Education Secretary Betsy DeVos rejects part-time reopening for schools amid pandemic

Betsy DeVos Demands Schools Fully Reopen -- No Distance Learning, No Part-Time Classrooms

Michigan AG Nessel takes legal action against US Secretary of Education Betsy DeVos over CARES Act interpretation

U.S. Secretary of Education Betsy DeVos, right.

Education Secretary Betsy DeVos on Tuesday assailed plans by some local districts to offer in-person instruction only a few days a week and said schools must be "fully operational" even amid the coronavirus pandemic.

At a White House event earlier Tuesday, Trump vowed that his administration would "put pressure on governors and everybody else to open the schools" after noting that administrators in Florida recently announced plans to reopen schools in that state starting next month.

Attorneys general of the District of Columbia, Maine, New Mexico, and Wisconsin have joined Nessel and Becerra in filing the lawsuit. The two methods are said to contradict CARES Act requirements. DeVos said she was disappointed in schools that "didn't figure out how to serve students or who just gave up and didn't try".

"We want to reopen the schools", Trump said.

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The CARES Act says schools districts are to share federal pandemic funds with surrounding private schools according to the Title One of the Elementary and Secondary Education Act.

"Students across the country have already fallen behind".

"Private schools that cease to exist will just create an added burden for public schools", he said.

Specifically, she insisted that schools should be prepared to offer five days of instruction per week. Some states say the amount they are being ordered to share with private schools is illegal.

California Superintendent Tony Thurmond applauded the lawsuit and said California's public schools stand to lose tens of millions of dollars in aid that could be used to provide meals or improve distance learning for low-income students.

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"The coronavirus did not discriminate based on the kind of schools MI kids attend, and neither did the governor's executive order shuttering every school building in the state", said executive director Beth DeShone.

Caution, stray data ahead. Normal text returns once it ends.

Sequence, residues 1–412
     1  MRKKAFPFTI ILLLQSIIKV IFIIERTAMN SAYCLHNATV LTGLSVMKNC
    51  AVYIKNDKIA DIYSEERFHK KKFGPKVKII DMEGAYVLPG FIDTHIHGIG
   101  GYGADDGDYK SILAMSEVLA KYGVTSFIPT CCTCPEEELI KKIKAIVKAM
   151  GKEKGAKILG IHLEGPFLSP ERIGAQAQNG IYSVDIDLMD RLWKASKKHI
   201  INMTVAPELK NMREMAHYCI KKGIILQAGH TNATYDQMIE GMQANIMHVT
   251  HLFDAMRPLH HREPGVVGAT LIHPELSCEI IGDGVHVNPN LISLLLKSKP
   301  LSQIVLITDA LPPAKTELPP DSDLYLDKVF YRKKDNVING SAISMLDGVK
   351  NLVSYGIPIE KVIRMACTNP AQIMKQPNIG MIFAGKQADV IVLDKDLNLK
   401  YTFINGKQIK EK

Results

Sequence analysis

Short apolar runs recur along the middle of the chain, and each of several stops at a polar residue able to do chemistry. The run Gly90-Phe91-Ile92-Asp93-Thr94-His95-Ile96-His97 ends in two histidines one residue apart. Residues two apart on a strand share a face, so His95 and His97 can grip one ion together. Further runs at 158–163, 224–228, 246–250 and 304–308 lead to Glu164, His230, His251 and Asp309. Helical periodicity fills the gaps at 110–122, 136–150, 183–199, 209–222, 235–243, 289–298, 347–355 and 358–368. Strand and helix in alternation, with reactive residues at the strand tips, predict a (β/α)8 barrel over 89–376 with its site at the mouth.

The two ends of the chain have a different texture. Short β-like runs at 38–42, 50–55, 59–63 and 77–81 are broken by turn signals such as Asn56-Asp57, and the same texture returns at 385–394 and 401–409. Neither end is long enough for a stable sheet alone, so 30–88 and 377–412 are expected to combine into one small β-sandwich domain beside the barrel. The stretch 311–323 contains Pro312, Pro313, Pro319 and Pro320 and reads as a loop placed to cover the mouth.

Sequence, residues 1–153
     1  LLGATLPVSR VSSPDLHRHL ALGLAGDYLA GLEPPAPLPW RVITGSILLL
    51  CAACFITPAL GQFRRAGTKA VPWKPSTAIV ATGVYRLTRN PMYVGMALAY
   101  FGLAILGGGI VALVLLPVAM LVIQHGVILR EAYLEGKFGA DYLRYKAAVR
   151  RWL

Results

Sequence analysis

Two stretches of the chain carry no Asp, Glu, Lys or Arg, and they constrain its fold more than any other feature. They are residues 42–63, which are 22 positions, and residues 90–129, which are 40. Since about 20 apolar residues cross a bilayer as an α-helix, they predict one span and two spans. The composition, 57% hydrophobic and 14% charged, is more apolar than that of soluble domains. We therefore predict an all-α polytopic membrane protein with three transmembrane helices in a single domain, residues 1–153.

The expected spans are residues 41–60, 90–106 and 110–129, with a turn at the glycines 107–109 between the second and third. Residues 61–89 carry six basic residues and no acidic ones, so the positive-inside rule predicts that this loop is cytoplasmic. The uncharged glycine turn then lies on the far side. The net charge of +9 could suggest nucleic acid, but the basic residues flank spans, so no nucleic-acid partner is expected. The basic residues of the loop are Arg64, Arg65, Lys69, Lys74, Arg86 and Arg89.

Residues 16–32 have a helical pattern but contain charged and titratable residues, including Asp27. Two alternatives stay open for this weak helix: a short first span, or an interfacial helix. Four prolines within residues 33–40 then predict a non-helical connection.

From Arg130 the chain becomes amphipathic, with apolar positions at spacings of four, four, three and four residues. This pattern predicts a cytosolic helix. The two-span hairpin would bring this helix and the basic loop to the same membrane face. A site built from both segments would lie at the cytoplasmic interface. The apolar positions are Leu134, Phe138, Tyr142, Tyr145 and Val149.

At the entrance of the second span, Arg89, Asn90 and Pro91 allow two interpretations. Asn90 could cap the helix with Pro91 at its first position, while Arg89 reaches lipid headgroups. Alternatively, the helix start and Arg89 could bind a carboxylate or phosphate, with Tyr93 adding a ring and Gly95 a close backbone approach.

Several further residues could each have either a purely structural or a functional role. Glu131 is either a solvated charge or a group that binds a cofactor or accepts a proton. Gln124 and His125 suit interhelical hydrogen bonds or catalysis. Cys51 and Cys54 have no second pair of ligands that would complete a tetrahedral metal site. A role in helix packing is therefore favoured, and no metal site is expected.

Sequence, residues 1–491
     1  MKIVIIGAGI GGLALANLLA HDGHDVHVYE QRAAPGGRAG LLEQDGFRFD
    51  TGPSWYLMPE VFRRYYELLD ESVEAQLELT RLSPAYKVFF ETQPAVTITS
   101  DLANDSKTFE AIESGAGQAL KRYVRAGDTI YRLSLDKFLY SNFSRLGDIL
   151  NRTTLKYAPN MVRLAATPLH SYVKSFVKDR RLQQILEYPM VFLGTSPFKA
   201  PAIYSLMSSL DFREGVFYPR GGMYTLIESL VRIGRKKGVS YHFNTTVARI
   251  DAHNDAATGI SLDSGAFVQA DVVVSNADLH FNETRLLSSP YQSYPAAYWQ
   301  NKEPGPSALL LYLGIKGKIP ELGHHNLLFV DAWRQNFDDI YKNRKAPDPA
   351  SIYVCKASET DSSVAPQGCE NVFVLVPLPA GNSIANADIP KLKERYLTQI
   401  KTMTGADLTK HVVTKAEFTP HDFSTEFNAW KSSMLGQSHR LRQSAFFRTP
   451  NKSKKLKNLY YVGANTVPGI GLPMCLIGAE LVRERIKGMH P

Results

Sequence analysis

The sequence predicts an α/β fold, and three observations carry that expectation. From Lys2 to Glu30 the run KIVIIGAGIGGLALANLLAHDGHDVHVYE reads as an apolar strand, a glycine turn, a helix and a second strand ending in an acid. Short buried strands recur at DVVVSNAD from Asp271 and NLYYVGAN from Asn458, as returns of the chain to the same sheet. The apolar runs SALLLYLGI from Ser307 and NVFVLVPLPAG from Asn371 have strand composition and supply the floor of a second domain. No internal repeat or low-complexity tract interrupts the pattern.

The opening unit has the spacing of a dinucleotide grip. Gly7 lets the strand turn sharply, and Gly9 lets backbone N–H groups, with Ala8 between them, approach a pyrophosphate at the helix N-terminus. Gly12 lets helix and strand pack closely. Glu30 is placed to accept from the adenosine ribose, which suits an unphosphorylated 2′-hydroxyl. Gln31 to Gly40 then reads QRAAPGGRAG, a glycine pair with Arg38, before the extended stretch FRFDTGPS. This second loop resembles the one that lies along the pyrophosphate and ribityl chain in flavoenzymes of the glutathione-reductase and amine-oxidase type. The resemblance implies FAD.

A portion of the funds must be allocated to private school students in the same manner as funds are apportioned to private school students under Title I. The lawsuit doesn't dispute that point either, Becerra's press office wrote in an email.

In a statement in June, DeVos said the CARES act was meant to aid "all American students, teachers, and families impacted" by COVID-19.

Anything less, she says, would fail students and taxpayers. In California, about 6,600 of the state's approximately 11,300 district and charter schools receive Title I funding. Lamar Alexander, R-TN, chairman of the Senate Health, Education, Labor and Pensions Committee. Keeping students at home can lead to social isolation, the organization said, and prevent schools from identifying learning deficits, abuse, depression and other issues. "We need to make sure that they catch up", DeVos said.

"The Secretary of Education manufactured guidance and a rule that favored non-public schools at the expense of public schools", said Dana Nessel, Michigan Attorney General. The average tuition of those schools was $7,380.

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In the new state budget, Gov. Gavin Newsom and the Legislature directed an additional $5 billion in CARES funding to districts to address students' learning loss.

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